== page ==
The complexity of planning, funding, and completing an intervention study cannot overshadow the importance of conducting these studies to support the palliative care needs of patients. The findings of hospice and palliative care intervention research studies are needed to provide evidence-based end-of-life care, improve death and dying policies, and support caregivers coping with the burdens of caring for a dying patient. To successfully complete end-of-life nursing intervention research studies, strategic planning is needed to address the common barriers that might be encountered. Nurse researchers can change the architecture of hospice research, accept the inherent limitations of the hospice and palliative care population, embrace the richness of the research and its findings, and alter approaches for patient-centered models. Conducting nursing intervention research can improve the care of patients at the end of life and provide important data for developing evidence-based quality hospice care.
About the Author(s)
Cheryl Brohard, PhD, RN, CNS-ONC, AOCN®, CHPCA®, is an assistant professor in the College of Nursing at the University of Houston in Texas. The author takes full responsibility for this content and did not receive honoraria or disclose any relevant financial relationships. Brohard can be reached at firstname.lastname@example.org, with copy to CJONEditor@ons.org.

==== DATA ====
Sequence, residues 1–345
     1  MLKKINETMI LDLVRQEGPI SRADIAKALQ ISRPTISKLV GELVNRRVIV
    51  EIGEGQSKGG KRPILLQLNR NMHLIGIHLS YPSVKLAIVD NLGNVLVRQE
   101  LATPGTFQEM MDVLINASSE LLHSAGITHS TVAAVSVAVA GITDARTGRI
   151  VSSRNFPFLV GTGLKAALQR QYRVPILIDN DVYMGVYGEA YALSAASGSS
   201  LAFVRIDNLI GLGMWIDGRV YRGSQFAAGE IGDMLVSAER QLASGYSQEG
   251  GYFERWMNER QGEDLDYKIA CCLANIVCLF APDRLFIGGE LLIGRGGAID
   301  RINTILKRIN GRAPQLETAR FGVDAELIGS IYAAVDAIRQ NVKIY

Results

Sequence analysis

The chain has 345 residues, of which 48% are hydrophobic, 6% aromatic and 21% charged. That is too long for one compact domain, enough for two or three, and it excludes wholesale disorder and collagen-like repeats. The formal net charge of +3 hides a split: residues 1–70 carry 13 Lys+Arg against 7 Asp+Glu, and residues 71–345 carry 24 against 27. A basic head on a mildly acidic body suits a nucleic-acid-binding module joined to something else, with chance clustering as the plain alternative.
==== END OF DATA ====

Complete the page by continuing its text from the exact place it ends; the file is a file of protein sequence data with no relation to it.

Alexander, S., Pillay, R., & Smith, B. (2018). A systematic review of the experiences of vulnerable people participating in research on sensitive topics. International Journal of Nursing Studies, 88, 85–96. https://doi.org/10.1016/j.ijnurstu.2018.08.013
Bloomer, M.J., Hutchinson, A.M., Brooks, L., & Botti, M. (2018). Dying persons’ perspectives on, or experiences of, participating in research: An integrative review. Palliative Medicine, 32(4), 851–860. https://doi.org/10.1177/0269216317744503
Brohard, C. (2017). Initial efficacy testing of an autobiographical memory intervention on advance care planning for people with terminal cancer. Oncology Nursing Forum, 44(6), 751–763. https://doi.org/10.1188/17.ONF.751-763
Goldberg, L.H. (2004). A survey of hospice and palliative care part 1: Introduction and concepts. Hospital Physician, 40(12), 45–54.
Goldberg, L.H. (2005). A survey of hospice and palliative care part 2: Therapeutic interventions. Hospital Physician, 41(1), 45–54, 60.
Hagen, N.A., Biondo, P.D., Brasher, P.M.A., & Stiles, C.R. (2011). Formal feasibility studies in palliative care: Why they are important and how to conduct them. Journal of Pain and Symptom Management, 42(2), 278–289. https://doi.org/10.1016/j.jpainsymman.2010.11.015